The Secret of Relating to your Addicted Son or Daughter – By Lee Weber

Relating to your addicted son or daughter is possible…especially when you learn to practice “tough love”. The most important thought to keep in mind? You are not alone unless you choose to be. Read more about how to relate to your addicted son or daughter here. First, A Range of Emotions Parents of addicted children can sometimes become misguided and misdirected by their emotions. In fact, it’s common for us to feel: Fear Shame Guilt, or Anger …when we first find out about a son’s or daughter’s addiction. For this reason, it is important that – in the beginning – we learn how to deal with our emotions. This article provides parents of drug addicted children with information and resources about the who/what/when/where and how to address substance use disorders. So, continue reading to learn more on the topic of relating to your addicted son or daughter. All of your… Continue reading

Addiction Neurobiology & Personal Destiny – By William L White

In 2005, Nature Neurosciencepublished a special issue on the neuroscience of addiction that summarized the advancements in unraveling the biological mechanisms that contribute to the etiology and progression of addiction to a wide spectrum of psychoactive drugs.  The technical papers included in the 2005 special issue stood as a progress report on the biological model of addiction that has been aggressively promulgated by National Institute on Drug Abuse Director Nora Volkow, MD, and National Institute on Alcohol Abuse and Alcoholism Director George Koob, PhD.   The state of addiction science was updated in 2011 in Nature, and Nature has just published a special supplement of articles on addiction that provides a further update. In reviewing this series of collected papers, it is difficult not to be swept up in the advancements in our understanding of the neurobiology of addiction.  These papers mark an evolution from a deeper understanding of the underlying mechanisms of addiction, to new… Continue reading

Are You Ready for Step Eleven? – By Robert Weiss

  Sought through prayer and meditation to improve our conscious contact with God as we understood Him, praying only for knowledge of His will for us and the power to carry that out. Step eleven, like step ten, is not a step that is worked once and then forgotten. Instead, it is part of an ongoing (usually daily) ritual of recovery. That said, recovering addicts often find “prayer” and “meditation” to be somewhat baffling concepts. And some, especially those who began the recovery process as agnostics or atheists, may still be struggling with the idea of having a higher power at all. For these reasons (and many others), step eleven can be a difficult one to work. If you find yourself struggling with this step, take heart in the fact that you are not alone. Even the most devoutly spiritual and/or religious members of twelve-step recovery groups sometimes lose their… Continue reading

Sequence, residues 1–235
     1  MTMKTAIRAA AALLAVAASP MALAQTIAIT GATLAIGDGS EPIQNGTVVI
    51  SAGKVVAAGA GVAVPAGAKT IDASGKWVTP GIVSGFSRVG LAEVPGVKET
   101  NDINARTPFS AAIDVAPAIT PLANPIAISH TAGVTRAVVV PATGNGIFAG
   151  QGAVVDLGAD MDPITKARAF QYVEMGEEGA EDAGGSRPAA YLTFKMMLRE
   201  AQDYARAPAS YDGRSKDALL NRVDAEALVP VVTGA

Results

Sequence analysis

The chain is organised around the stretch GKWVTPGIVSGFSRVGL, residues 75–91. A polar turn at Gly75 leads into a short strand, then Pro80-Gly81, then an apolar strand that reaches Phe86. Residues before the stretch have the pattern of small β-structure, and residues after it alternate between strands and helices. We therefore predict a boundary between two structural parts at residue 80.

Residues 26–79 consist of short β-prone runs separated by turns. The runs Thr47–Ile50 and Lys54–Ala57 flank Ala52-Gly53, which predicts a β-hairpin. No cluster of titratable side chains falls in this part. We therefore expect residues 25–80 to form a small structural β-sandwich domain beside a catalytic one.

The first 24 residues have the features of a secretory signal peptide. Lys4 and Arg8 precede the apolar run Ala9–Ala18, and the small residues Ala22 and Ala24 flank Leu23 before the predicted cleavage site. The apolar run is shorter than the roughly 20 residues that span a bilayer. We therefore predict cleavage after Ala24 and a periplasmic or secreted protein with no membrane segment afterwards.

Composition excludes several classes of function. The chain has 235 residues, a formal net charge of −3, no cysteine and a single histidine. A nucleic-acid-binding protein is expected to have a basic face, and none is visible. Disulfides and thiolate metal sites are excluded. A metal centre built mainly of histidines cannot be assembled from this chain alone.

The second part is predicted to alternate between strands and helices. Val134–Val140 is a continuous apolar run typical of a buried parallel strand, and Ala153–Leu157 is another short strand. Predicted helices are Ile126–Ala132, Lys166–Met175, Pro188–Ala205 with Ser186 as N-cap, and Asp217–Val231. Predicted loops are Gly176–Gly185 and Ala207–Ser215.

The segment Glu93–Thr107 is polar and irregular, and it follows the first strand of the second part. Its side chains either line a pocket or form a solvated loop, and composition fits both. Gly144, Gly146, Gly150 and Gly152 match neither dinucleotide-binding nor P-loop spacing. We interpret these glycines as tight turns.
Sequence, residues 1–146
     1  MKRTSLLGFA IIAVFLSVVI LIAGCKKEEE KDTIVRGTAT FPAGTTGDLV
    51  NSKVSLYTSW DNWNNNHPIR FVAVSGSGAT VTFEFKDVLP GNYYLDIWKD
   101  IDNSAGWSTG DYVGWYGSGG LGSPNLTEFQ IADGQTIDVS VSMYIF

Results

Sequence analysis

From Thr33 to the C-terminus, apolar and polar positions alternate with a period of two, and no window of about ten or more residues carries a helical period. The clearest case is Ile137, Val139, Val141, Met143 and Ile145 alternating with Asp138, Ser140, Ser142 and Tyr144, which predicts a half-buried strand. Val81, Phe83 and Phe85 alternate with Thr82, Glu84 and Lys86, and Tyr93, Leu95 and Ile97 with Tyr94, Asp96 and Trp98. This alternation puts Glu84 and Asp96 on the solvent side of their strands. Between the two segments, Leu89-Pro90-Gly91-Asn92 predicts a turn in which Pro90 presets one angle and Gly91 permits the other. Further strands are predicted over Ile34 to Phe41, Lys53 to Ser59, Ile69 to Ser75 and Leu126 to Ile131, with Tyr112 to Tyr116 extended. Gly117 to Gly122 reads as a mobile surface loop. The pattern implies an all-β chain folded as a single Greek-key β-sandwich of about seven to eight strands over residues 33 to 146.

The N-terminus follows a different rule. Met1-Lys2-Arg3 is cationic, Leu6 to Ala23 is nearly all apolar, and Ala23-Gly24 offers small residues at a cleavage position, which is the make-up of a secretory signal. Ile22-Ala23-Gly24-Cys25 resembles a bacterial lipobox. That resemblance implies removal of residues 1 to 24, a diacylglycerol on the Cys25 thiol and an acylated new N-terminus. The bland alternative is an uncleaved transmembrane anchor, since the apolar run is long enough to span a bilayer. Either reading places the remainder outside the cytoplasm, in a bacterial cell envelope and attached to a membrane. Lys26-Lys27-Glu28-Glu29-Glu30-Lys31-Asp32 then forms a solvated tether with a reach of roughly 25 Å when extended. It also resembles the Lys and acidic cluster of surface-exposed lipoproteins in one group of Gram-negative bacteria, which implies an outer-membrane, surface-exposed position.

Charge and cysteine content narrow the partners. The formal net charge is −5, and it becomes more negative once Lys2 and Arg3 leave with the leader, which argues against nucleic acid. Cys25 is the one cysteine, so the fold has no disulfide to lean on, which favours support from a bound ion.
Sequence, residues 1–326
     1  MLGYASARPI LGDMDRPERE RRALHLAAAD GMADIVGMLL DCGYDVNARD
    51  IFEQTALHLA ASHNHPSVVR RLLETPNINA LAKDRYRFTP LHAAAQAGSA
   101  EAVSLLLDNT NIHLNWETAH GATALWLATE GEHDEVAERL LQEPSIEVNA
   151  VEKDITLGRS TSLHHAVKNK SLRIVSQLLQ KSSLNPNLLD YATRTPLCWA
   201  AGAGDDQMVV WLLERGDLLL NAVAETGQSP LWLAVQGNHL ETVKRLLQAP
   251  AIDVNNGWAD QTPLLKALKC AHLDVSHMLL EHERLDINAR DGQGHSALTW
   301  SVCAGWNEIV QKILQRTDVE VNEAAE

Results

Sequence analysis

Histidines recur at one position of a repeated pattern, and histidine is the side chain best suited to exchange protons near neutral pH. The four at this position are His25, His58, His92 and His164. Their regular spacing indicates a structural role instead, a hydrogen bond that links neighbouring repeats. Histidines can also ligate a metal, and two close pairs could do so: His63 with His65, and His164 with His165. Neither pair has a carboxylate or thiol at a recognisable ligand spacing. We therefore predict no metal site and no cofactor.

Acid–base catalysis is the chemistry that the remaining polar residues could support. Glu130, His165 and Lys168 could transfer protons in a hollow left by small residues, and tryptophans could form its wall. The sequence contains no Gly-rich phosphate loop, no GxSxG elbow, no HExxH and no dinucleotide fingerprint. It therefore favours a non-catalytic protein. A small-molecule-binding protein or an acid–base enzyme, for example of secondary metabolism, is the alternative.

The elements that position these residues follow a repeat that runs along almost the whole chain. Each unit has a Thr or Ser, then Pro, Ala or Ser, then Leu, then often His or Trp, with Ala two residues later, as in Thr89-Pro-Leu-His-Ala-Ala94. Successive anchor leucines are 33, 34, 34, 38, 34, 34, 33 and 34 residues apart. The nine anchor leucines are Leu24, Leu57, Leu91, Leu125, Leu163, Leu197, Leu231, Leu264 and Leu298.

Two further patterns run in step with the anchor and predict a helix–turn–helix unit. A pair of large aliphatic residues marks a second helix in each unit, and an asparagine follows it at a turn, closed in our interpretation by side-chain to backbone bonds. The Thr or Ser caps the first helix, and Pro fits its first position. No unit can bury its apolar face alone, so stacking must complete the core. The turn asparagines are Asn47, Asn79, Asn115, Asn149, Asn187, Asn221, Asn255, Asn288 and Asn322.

MECHANISMS OF CHANGE IN ADDICTION RECOVERY – By William L. White

High degrees of variability in the pathways and styles of addiction recovery obscure shared mechanisms of change across such healing processes. The alcohol and drug problems arena is filled with professional claims and counterclaims, excessive marketing hype, and riveting personal testimonies of how such problems can be best resolved. The central stakeholders in these debates commonly assert that their particular ideas and methods constitute THE TRUTH, and wrap these claims in the mantle of science or personal/clinical experience. The resulting noise can leave listeners understandably bewildered about the nature of such problems and their ultimate solution. People recover with and without the ever-expanding menu of professional treatment; with and without medication support; with and without involvement in the growing networks of religious, spiritual, and secular recovery mutual aid groups; and with and without involvement in new recovery support institutions (from recovery homes and collegiate recovery communities to recovery cafes and… Continue reading

Addiction from a Friends Point of View

  I didn’t realize it at first, but I’m sure it was there. After countless days of coming home to them passed out on the couch, after so many bright mornings lost to drunken tirades, after so many little moments turn into major splinters, you slowly see what has been creeping in that dark space for what it is: the feeling of powerlessness. I felt it when I called her thirty times after midnight. Her last text expressed a desire for relief through suicide. I felt it every time I spoke with them and the person I loved was lost from their face, their voice, their movements. I saw it in my friend when their father demanded respect but dealt disrespect — lying to their family, lying to family friends, lying to himself. Every lie he told was just one more brick in the wall, a wall being built around… Continue reading